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In number theory, the prime factors of a positive integer are the prime numbers that divide that integer exactly, without leaving a remainder. The process of finding these numbers is called prime factorization.

A prime factor can be visualized by understanding

Euclid's geometric interpretation. He saw a

whole number as a line segment with length of

units, for which a smaller line segment of length greater than or equal to

unit is used to measure exactly the line segment with length of

units, where line segments corresponding to prime numbers can be measured only with a smaller line segment of length

.

## Canonical representation

The canonical representation of the

unique prime factorization of

is

- $n=\prod _{i=1}^{\omega (n)}{p_{i}}^{\alpha _{i}},\,$

where

is the

number of distinct prime factors of

and

is the

th prime factor, in ascending order, of

.

## Prime factors (with multiplicity)

Factoring a number

is believed to require

super-polynomial time in its number of digits. For a prime factor

of

, the

*multiplicity* of

is the largest exponent

for which

divides

. The prime factorization of a positive integer is a list of the integer's prime factors, together with their multiplicity. The

fundamental theorem of arithmetic says that every positive integer has a

unique prime factorization up to order of factors.

### Number of prime factors (with multiplicity)

The

arithmetic function represents the

number of prime factors (with multiplicity) of

- $\Omega (n)=\sum _{i=1}^{\omega (n)}{\alpha _{i}}^{1}=\sum _{i=1}^{\omega (n)}{\alpha _{i}}.\,$

### Sum of prime factors (with multiplicity)

## Distinct prime factors

### Number of distinct prime factors

The

arithmetic function represents the

number of distinct prime factors of

- $\omega (n)=\sum _{i=1}^{\omega (n)}{\alpha _{i}}^{0}=\sum _{i=1}^{\omega (n)}{1},\,$

if you forgive the tautological expression.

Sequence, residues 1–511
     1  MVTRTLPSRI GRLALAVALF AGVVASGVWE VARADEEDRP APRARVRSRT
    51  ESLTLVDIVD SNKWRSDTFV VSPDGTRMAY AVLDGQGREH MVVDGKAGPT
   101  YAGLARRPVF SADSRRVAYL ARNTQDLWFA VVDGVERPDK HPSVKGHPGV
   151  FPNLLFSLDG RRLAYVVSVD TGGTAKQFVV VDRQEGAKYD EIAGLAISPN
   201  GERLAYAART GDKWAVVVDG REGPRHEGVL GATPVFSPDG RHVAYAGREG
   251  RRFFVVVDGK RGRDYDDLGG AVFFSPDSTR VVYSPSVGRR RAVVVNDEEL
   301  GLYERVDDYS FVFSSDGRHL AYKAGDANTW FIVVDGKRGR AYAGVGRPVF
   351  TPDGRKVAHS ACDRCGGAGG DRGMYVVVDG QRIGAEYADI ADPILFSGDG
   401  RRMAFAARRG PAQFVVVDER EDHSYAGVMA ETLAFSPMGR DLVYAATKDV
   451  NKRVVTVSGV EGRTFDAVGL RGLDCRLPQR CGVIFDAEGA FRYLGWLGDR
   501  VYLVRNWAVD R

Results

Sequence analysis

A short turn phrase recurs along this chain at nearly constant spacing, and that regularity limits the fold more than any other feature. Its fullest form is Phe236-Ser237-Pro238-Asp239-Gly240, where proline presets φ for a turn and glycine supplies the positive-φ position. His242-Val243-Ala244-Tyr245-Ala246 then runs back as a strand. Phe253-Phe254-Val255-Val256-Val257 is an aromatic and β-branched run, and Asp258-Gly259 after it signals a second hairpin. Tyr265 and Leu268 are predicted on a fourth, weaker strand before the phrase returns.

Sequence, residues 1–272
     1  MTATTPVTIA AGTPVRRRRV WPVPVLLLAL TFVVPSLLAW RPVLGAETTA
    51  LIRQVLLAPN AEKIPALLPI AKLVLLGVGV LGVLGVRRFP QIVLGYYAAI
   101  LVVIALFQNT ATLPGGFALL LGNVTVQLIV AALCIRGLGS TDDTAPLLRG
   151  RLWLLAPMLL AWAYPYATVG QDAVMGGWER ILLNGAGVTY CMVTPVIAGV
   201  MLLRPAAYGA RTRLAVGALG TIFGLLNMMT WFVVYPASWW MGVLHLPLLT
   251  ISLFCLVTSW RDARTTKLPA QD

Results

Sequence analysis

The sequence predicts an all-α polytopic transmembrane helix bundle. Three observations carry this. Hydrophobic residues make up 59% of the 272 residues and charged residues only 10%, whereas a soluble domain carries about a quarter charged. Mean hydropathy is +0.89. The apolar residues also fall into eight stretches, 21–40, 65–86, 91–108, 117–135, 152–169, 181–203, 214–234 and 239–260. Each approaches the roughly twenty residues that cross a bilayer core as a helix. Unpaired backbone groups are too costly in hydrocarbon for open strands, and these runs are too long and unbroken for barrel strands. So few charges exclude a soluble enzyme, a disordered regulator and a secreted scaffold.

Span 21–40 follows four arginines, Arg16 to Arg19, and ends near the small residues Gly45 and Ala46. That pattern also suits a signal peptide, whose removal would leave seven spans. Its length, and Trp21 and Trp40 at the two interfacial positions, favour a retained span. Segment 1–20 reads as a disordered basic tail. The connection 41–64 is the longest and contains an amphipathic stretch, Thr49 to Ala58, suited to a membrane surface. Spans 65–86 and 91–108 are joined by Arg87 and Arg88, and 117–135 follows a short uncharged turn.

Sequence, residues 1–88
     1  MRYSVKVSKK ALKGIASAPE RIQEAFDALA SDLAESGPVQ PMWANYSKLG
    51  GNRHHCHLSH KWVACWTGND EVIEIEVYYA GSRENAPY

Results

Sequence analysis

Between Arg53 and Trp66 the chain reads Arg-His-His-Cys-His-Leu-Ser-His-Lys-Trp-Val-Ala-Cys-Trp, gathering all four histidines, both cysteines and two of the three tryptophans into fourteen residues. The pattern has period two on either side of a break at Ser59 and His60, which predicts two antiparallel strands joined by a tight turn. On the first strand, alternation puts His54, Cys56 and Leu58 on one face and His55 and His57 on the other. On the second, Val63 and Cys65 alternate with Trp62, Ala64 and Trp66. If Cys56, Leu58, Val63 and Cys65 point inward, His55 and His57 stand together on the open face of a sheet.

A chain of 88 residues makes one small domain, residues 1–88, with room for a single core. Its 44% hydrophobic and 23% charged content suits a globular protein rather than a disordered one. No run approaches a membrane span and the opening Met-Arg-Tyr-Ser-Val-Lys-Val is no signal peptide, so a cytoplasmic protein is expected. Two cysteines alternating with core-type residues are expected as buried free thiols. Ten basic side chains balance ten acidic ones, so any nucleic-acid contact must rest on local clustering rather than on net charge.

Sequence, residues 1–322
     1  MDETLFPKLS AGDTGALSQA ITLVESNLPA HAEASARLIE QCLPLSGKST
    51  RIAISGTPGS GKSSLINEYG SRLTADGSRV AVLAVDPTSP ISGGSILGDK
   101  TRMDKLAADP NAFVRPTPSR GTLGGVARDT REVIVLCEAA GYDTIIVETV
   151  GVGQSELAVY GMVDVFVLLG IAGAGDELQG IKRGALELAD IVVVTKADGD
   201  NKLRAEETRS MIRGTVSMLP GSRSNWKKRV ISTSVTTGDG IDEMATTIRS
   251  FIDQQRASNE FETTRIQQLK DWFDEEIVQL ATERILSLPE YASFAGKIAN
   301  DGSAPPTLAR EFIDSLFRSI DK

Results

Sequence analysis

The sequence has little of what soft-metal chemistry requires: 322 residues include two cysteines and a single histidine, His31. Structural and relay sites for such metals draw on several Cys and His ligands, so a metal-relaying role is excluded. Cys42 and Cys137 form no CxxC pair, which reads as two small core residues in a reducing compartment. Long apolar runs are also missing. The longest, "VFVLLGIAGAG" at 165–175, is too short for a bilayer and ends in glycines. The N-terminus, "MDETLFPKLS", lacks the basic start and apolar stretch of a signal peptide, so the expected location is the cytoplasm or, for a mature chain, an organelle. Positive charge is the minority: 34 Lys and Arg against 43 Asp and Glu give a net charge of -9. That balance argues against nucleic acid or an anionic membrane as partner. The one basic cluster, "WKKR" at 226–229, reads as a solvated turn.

### Sum of distinct prime factors

## Coprimality

Two

positive integers are

coprime if and only if they share no common prime factors. The integer

is coprime to every positive integer, including itself, since it has no prime factors (

empty product of primes.) It follows that

and

are coprime if and only if their

greatest common divisor is

, i.e.

, so that

for any

.

Euclid's algorithm can be used to determine whether two integers are coprime without knowing their prime factors; the algorithm runs in

polynomial time in the number of digits involved.

## Sequences

The number

of

distinct prime factors of

are (see

A001221 and

number of prime factors (with multiplicity))

- {0, 1, 1, 1, 1, 2, 1, 1, 1, 2, 1, 2, 1, 2, 2, 1, 1, 2, 1, 2, 2, 2, 1, 2, 1, 2, 1, 2, 1, 3, 1, 1, 2, 2, 2, 2, 1, 2, 2, 2, 1, 3, 1, 2, 2, 2, 1, 2, 1, 2, 2, 2, 1, 2, 2, 2, 2, 2, 1, 3, 1, 2, 2, 1, 2, 3, 1, 2, 2, 3, 1, 2, 1, 2, 2, 2, 2, 3, ...}

The number

of

prime factors (with multiplicity) of

are (see

A001222 and

number of distinct prime factors)

- {0, 1, 1, 2, 1, 2, 1, 3, 2, 2, 1, 3, 1, 2, 2, 4, 1, 3, 1, 3, 2, 2, 1, 4, 2, 2, 3, 3, 1, 3, 1, 5, 2, 2, 2, 4, 1, 2, 2, 4, 1, 3, 1, 3, 3, 2, 1, 5, 2, 3, 2, 3, 1, 4, 2, 4, 2, 2, 1, 4, 1, 2, 3, 6, 2, 3, 1, 3, 2, 3, 1, 5, 1, 2, 3, 3, 2, 3, ...}

The

smallest prime factor (for

, we get the

empty product, i.e.

) of

gives (

A020639)

- {1, 2, 3, 2, 5, 2, 7, 2, 3, 2, 11, 2, 13, 2, 3, 2, 17, 2, 19, 2, 3, 2, 23, 2, 5, 2, 3, 2, 29, 2, 31, 2, 3, 2, 5, 2, 37, 2, 3, 2, 41, 2, 43, 2, 3, 2, 47, 2, 7, 2, 3, 2, 53, 2, 5, 2, 3, 2, 59, 2, 61, 2, 3, 2, 5, 2, 67, 2, 3, 2, 71, ...}

The

largest prime factor (for

, we get the

empty product, i.e.

) of

gives (

A006530)

- {1, 2, 3, 2, 5, 3, 7, 2, 3, 5, 11, 3, 13, 7, 5, 2, 17, 3, 19, 5, 7, 11, 23, 3, 5, 13, 3, 7, 29, 5, 31, 2, 11, 17, 7, 3, 37, 19, 13, 5, 41, 7, 43, 11, 5, 23, 47, 3, 7, 5, 17, 13, 53, 3, 11, 7, 19, 29, 59, 5, 61, 31, 7, 2, 13, ...}

## See also

## External links